Some solutions for Sima

Whitehorse's city council finds itself in a bind. On Monday, it votes on whether to provide $200,000 to a group of volunteers that aim to reopen Mount Sima this winter. No option is particularly appealing.

Whitehorse’s city council finds itself in a bind. On Monday, it votes on whether to provide $200,000 to a group of volunteers that aim to reopen Mount Sima this winter. No option is particularly appealing.

Granting this request would require councillors to find the funds elsewhere – either by hiking property taxes, cutting services or dipping into the city’s savings. None of those would be popular moves to make.

Denying the request, meanwhile, runs the risk of derailing the latest push to restart the hill. We could see the ski hill shuttered indefinitely. This would be a senseless waste: more than $12 million in public funds has been spent on building up the hill over the past 20 years, according to city administrators. (Contrary to what some councillors would have you believe, almost all this money appears to have originated from Ottawa, rather than from the property tax base.) It’s in nobody’s interest to see the hill’s equipment sit and rust, or be packed up and sold.

Community Services Minister Brad Cathers has cleverly boxed city council in. He’s offered to help support the ski hill, provided it opens this winter. But he’s made it clear that he expects the city to provide an operating grant. Cathers noted that early estimates suggested that it would cost nearly as much to mothball the facility as it would be to provided the needed funds.

City administrators have responded by drawing up their own, lower estimates as to how much it would cost to put the facility on ice. They’ve suggested the city only contribute that amount, which would leave the Friends of Sima with an operating shortfall of $131,400.

It’s not clear when the drop-dead date is for the volunteers to receive funding. But it strikes us as irresponsible for both levels of government to be playing a game of chicken over who ends up paying the operating grant, when doing so puts at risk the hard work of Sima’s new volunteers.

Mayor Dan Curtis had earlier called on the community to step up and provide new ideas about running Sima. It has. Rather than accept the premise shared by their predecessors that nothing but buckets of public money could save the hill, Friends of Sima have aggressively revised Sima’s business plan. They would eliminate management positions, slash top salaries and shutter the hill on slow days to lower costs, while raising revenue with an aggressive fundraising drive that, according to pledges, would treble the number of season passes sold.

True, the hill would still depend on public funds to operate for the year. But that subsidy would be just one-quarter of the amount proposed by Sima’s earlier operators. Surely this is encouraging progress. It would be ideal for Sima to one day survive without public funds, but this is not a realistic expectation for this coming winter. It may never be: many community ski hills require subsidies to operate.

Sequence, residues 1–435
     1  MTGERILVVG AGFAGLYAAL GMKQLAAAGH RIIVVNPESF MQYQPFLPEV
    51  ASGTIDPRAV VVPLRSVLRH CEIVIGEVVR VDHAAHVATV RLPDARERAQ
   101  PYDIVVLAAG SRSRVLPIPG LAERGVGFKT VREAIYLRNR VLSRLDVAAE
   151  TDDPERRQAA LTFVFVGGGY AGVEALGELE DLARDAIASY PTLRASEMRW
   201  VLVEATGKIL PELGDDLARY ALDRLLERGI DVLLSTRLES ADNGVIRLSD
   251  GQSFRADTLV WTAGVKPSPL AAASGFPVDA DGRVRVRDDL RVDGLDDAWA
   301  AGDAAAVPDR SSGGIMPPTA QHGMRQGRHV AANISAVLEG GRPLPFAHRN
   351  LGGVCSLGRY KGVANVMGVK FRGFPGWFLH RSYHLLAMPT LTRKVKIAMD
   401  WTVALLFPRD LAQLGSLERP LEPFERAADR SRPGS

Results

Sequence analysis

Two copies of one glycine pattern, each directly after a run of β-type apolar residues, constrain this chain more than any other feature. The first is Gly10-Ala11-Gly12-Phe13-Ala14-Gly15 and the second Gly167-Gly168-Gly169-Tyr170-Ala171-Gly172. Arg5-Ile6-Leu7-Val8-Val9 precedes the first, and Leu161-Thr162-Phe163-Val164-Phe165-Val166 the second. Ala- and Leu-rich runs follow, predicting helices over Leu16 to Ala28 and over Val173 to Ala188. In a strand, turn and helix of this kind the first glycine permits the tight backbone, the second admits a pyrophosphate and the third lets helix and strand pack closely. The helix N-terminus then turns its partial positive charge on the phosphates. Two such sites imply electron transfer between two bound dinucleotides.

With that in mind, we think council should suck it up and pay the needed $200,000 for this year, rather than dither and run the risk of seeing the current volunteer drive collapse. Yes, that may require making a difficult decision about trade-offs. But that’s what municipal politicians are elected to do.

We don’t doubt that city council could use some help in making such a decision. Certain veteran councillors are awfully windy about their desire to cut needless waste when they’re on the campaign trail, yet come budget time, there’s never an intelligent alternative to the administration’s preference, which is to see property taxes inexorably rise. (Earlier this year, our columnist Keith Halliday calculated that his property taxes have grown 21 per cent above inflation over the past decade. Contrary to what the mayor humorously asserted this week, this is not the hallmark of a leanly run organization.)

So here’s a solution. Council could provide Friends of Sima with the money they need, with one condition. Once Sima’s operations stabilize, this same group of business-minded volunteers would review the city’s own operations with the same cost-cutting fervor they applied to Sima’s own business plan.

We realize there are major differences between providing municipal services and operating a ski hill – the city’s staff are unionized, to start. But we can’t help but think that Friends of Sima would at least generate some ideas about how to save money, which is more than can be said about the municipal councils we’ve watched in recent memory. Heck, the city’s last operational review actually managed to boost the number of managers on staff.

Council should also make it clear this contribution to Sima is a one-time deal. Both the ski hill and the Canada Games Centre are assets that benefit the whole territory, and it’s certainly plausible that their ongoing operations put an unreasonable burden on the municipal tax base. With that in mind, council should put together a reasoned case – not unlike the one that Friends of Sima made to them – that the territory should provide an operating grant for these facilities. If council could demonstrate they had worked to cut fat from the city bureaucracy, this would help bolster their case.

If the Yukon Party government isn’t moved by the merits of this argument, the mayor shouldn’t be afraid to employ a little rhetorical flourish. “I was under the impression the Yukon Party opposed tax increases. So why is the territory forcing Whitehorse homeowners to pay a tax hike? Why won’t the territory pay its fair share of assets that belong to the whole territory?” You get the idea. 

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